Twelve tools and channels to use when talking about your office move – and when to use

Deciding how to communicate with stakeholders during your office relocation is crucial. With multiple channels at your fingertips, using a variety of tools ensures that everyone takes on board what they need to know. Don’t forget that people digest information in different ways.

Some people are visual and prefer information to be communicated through images and graphics. Others prefer learning by hearing someone explain something. Another group prefers to touch and feel things.

Likewise, everyone reacts to an office move differently. Some people love change and will wholeheartedly embrace it and others will go with the flow. But some people will feel anxious about it. You need to appeal to all these different audiences.

These the most effective ways to communicate office relocations:

1/ Set up a microsite which acts as the main repository of information about the move. Include a meaty FAQs section to cover everything and anything you can think of. Add the questions people ask to the FAQs as it is likely that someone else will want to know the answers. Direct all other forms of communication to the microsite.


2/ Regular newsletters – email and hard copy – are great ways to share the latest updates. Hard copies are particularly useful for people who may not have a company email address, such as front-line staff.


3/ Company screensavers can be a great way to share images of the new office space, building plans, architect’s impression and layouts, and maps of the local area. Update them weekly to keep everything fresh and embed a hyperlink to the microsite so that people can easily find additional information


4/ While much of the communication will be digital, the power of physical tools such as posters and table-talkers should not be underestimated. Posters placed in lifts, on the back of loo doors and in tea points – places where people are usually twiddling their thumbs – can be great ways of sharing information. Table-talkers on staff restaurant tables are also good conversation starters. Make sure these are changed regularly to keep them fresh and engaging. Consider the use of interesting stats and facts about the move/ refurb to attract attention


5/ Mood boards located in a central space are useful ways to engage people in the relocation or refurbishment. Involving staff in decisions around carpets, colours and furniture makes them feel more engaged and happier with the end result. Having samples of the new furniture, particularly chairs, allows everyone to try out any new equipment


6/ Many employees will want to hear the reasons for the move from a senior person. Organising regular open forums or town hall meetings around the company to answer questions and address concerns about the move will help to support people through the change management programme. It’s a great chance to explain the rationale for the move, present design ideas and keep people updated. These can also be videoed and shared on the microsite and social channels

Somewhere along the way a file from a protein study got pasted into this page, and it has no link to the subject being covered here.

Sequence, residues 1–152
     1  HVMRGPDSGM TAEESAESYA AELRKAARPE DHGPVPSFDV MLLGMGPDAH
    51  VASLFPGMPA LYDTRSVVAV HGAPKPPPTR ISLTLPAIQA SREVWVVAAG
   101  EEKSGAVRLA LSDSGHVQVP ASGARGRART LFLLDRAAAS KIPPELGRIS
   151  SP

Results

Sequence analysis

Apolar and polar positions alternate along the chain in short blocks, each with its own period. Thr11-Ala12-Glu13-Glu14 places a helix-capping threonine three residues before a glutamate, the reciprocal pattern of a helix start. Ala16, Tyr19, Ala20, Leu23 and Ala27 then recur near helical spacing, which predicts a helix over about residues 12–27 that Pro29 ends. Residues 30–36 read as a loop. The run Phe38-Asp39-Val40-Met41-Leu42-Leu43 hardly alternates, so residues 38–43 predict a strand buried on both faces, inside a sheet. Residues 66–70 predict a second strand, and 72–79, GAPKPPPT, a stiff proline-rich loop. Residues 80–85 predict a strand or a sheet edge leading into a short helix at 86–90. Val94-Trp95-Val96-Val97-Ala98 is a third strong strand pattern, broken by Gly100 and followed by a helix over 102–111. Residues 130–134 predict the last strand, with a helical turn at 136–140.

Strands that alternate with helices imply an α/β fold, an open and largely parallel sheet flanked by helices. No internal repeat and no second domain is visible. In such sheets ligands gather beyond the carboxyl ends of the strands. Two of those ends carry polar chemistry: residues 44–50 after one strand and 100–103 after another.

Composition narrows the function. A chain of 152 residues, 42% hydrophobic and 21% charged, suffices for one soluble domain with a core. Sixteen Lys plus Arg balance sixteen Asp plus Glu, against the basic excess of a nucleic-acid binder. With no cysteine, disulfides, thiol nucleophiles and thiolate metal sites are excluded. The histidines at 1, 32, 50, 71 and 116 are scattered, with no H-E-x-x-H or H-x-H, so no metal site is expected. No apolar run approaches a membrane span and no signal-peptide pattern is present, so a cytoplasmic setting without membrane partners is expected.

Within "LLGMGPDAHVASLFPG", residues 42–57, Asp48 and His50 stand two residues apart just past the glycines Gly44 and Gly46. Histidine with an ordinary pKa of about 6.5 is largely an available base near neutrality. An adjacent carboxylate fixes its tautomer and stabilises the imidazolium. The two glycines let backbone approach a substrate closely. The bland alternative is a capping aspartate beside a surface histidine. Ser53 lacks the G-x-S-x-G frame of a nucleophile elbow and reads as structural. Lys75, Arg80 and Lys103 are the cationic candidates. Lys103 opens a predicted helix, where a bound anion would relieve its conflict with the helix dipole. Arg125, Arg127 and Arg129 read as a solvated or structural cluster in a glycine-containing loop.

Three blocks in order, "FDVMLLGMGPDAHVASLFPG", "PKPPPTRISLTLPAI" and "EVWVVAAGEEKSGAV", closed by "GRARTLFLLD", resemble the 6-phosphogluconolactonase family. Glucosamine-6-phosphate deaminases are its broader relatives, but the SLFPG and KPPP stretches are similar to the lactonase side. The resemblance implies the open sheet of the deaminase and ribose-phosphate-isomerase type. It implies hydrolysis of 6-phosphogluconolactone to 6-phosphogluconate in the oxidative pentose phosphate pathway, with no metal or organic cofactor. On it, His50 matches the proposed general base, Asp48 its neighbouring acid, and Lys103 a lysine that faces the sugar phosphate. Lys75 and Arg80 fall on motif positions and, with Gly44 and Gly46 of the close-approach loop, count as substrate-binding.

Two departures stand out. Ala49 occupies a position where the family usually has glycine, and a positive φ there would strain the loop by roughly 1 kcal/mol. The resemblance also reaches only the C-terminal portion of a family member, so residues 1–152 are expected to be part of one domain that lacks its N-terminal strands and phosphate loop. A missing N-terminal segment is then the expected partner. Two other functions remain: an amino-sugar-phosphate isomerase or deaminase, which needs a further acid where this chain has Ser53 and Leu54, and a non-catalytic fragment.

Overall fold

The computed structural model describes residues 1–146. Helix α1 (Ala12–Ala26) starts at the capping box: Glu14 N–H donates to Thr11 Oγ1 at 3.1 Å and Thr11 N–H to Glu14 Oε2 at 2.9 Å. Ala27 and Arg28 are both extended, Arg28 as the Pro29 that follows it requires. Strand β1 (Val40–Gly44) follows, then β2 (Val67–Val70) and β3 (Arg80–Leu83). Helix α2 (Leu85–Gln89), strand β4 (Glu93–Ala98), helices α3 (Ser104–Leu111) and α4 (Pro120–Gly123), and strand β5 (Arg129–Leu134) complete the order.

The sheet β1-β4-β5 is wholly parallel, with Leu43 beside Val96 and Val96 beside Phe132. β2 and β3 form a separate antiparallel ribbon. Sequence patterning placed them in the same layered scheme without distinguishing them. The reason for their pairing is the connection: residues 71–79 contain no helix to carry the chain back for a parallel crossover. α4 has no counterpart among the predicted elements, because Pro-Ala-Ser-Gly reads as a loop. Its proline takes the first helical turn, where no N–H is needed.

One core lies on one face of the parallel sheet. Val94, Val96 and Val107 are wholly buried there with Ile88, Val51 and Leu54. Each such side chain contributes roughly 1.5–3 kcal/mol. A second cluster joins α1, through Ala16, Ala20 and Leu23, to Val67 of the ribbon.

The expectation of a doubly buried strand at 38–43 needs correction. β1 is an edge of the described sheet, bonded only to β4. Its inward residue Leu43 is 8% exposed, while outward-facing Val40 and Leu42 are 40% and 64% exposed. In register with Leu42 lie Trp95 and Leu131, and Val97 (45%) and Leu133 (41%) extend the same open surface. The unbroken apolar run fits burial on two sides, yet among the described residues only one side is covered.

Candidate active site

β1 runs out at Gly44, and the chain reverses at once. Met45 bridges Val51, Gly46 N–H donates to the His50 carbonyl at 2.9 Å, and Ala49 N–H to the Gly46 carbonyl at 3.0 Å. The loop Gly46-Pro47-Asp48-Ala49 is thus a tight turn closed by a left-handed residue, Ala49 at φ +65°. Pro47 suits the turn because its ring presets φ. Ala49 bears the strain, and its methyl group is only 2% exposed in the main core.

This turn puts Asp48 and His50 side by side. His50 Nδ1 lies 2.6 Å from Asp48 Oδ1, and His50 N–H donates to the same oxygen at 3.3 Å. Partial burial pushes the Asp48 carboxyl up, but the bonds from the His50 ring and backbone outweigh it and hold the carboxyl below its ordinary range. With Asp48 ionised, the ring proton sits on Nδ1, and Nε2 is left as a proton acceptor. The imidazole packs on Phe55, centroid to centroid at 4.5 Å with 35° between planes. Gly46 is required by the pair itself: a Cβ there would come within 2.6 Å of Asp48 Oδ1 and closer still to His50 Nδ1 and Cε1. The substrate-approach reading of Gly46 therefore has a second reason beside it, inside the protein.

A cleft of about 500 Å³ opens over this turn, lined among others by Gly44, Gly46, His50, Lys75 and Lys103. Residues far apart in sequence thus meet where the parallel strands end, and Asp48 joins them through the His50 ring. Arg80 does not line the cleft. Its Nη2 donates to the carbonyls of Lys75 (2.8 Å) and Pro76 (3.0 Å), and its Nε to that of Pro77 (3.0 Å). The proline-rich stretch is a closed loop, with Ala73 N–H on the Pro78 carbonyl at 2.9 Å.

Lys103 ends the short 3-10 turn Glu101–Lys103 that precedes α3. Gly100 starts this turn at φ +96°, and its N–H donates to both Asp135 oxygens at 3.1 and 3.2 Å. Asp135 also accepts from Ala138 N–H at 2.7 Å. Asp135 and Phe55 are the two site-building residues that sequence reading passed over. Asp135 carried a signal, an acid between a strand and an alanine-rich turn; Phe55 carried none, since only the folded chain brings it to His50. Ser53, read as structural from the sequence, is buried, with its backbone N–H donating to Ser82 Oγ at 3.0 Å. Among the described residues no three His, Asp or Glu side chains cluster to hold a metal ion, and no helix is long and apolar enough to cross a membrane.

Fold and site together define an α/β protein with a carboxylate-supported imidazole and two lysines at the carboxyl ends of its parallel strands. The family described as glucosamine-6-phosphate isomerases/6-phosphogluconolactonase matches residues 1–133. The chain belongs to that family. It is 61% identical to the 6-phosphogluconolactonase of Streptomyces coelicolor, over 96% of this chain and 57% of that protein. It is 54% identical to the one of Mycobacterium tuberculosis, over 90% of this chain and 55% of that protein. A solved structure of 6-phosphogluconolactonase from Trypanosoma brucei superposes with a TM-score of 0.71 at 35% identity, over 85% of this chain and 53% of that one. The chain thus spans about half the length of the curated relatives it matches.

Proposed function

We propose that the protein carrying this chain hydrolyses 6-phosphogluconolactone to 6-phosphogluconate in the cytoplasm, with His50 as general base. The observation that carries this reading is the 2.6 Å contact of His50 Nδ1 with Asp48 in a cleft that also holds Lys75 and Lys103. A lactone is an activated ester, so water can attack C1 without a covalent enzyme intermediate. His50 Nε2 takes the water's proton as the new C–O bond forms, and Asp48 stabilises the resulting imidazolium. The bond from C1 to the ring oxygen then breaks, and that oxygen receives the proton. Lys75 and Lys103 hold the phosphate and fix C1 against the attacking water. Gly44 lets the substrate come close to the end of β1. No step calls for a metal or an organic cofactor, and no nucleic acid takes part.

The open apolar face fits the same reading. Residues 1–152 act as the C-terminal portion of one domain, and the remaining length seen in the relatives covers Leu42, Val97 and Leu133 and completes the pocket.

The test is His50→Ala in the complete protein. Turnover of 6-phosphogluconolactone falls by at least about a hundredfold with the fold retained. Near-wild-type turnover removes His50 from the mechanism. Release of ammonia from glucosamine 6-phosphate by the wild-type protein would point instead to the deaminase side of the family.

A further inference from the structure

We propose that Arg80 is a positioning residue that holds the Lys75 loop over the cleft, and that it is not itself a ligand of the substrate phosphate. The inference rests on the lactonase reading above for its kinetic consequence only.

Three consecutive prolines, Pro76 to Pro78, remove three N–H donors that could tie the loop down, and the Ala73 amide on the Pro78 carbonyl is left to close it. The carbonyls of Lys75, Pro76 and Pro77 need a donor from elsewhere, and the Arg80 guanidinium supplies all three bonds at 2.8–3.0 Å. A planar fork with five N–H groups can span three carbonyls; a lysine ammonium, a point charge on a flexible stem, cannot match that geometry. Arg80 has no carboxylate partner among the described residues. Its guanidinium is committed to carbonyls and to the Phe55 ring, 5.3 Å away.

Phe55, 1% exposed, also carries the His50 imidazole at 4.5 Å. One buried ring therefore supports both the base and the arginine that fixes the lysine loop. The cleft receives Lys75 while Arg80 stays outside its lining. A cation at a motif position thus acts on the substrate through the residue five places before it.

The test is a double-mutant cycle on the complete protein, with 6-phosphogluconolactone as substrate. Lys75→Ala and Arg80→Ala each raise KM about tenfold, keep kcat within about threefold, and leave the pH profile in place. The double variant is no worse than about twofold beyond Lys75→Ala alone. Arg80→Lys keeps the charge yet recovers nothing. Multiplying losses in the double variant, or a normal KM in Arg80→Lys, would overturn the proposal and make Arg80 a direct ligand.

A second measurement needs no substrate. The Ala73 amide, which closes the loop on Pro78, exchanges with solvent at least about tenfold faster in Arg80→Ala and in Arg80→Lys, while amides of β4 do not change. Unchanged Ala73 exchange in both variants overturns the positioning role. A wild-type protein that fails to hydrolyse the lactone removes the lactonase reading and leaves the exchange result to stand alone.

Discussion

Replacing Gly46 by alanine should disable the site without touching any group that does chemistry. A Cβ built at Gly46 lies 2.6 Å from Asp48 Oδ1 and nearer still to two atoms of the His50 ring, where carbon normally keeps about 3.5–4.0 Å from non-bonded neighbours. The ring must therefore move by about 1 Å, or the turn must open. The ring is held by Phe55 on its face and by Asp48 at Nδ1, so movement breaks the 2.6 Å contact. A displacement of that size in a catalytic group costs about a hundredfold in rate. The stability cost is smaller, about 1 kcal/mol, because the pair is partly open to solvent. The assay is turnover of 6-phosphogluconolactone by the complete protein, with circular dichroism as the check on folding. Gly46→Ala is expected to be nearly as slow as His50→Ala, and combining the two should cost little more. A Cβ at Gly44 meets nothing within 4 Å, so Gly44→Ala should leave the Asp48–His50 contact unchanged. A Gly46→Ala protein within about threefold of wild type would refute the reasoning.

7/ Where possible, arrange regular tours of the new site for as many staff as possible so that they can see first-hand what’s happening. A tour is an effective way of engaging stakeholders in the run-up to the change. If it’s a lengthy project, several tours at different stages will help maintain momentum and keep morale high


8/ Talking-head videos with the CEO or other board members explaining the rationale for the project, and providing significant updates, are easy ways to share key messages without the leadership team having to travel around several sites. The CEO videoed in a hard hat on site is even better. These can also be shared on the microsite, in e-newsletters and on social channels to reach people who might not be able to attend a town hall. Other options include videos of the project manager interviewing the CEO about the project, or the architect or fit-out company being involved


9/ Timelapse videos of the development/new office space as it comes together can be shared in e-newsletters, on the microsite and on social. 3D walkarounds in the new space are also useful


10/ Many companies use social media to communicate internally either through tools such as Facebook or through private forums like Yammer. These platforms should always be included in any communication plan. Where there are staff forums for discussion, make sure these are carefully monitored and immediate feedback to any questions or concerns is given


11/ Move champions can communicate on a one-to-few basis within teams. By cascading key information to move champions and giving them the right communication tools, they can share it in turn with their teams and departments, allowing for instant feedback to the project team


12/ It’s important to listen as much as you talk. Employees will have ideas for the new space and working groups are great ways to engage people and bring them into the project. If run properly, by the comms team with input from the other functions, these are effective for getting input into the new office design and layout. While you won’t be able to accommodate all of their wishes, at least you’ll understand what they want, and their concerns, and be able to explain why you can’t deliver everything

Need more support or some inspiration?

Download the free and comprehensive Magenta guide to the topic

Join our webinar on 25th March or talk to us about supporting your project.

Cathy Hayward
Cathy Hayward
Author